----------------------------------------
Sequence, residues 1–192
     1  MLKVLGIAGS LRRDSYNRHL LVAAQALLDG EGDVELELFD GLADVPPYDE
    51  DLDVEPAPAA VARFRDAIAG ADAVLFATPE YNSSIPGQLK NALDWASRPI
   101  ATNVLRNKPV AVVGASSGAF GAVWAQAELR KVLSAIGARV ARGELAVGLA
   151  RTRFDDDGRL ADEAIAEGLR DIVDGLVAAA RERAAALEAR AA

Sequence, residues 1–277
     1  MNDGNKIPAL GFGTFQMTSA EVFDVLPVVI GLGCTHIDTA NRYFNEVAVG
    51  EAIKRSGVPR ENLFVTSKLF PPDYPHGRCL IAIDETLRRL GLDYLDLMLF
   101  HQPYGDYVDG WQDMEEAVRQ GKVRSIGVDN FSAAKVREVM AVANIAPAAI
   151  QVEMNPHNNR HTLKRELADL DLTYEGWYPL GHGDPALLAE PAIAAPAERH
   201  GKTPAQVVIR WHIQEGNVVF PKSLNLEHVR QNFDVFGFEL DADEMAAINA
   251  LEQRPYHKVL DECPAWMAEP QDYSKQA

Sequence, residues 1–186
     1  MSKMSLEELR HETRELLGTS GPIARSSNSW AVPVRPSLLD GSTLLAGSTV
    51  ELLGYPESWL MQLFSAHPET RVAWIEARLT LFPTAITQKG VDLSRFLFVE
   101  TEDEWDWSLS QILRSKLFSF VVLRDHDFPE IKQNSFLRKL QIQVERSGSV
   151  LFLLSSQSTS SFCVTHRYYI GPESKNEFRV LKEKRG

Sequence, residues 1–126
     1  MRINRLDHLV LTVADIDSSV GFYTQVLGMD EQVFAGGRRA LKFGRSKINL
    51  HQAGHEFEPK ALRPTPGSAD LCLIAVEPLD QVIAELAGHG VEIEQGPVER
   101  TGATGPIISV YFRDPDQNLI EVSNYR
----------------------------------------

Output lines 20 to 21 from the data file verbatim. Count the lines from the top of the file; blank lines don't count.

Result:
    51  HQAGHEFEPK ALRPTPGSAD LCLIAVEPLD QVIAELAGHG VEIEQGPVER
   101  TGATGPIISV YFRDPDQNLI EVSNYR